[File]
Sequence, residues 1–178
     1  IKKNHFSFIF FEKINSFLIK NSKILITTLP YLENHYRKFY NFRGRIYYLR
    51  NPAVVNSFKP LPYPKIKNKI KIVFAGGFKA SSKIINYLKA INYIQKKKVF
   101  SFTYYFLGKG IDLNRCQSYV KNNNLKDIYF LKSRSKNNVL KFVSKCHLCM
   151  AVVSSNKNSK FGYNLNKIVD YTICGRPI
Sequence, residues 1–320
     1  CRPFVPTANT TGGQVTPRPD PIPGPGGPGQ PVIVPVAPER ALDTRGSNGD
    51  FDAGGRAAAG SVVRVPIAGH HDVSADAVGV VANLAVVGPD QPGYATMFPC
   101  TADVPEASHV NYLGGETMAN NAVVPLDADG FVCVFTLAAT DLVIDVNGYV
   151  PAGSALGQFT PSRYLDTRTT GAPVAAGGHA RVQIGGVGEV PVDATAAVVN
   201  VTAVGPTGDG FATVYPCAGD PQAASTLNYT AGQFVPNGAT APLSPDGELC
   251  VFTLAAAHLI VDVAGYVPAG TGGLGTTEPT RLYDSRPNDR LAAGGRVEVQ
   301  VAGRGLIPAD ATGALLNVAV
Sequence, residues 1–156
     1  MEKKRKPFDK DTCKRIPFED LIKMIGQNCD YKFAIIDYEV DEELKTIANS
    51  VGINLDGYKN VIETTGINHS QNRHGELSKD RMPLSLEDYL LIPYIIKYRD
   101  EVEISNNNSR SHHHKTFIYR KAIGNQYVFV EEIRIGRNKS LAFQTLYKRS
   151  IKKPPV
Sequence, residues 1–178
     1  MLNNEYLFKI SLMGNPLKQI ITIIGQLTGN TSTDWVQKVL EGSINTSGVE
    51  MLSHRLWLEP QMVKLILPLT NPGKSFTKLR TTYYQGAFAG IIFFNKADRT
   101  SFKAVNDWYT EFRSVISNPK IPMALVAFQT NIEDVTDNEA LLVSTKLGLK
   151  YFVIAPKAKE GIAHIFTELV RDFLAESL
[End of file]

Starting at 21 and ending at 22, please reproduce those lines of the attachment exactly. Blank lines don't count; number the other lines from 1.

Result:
    51  MLSHRLWLEP QMVKLILPLT NPGKSFTKLR TTYYQGAFAG IIFFNKADRT
   101  SFKAVNDWYT EFRSVISNPK IPMALVAFQT NIEDVTDNEA LLVSTKLGLK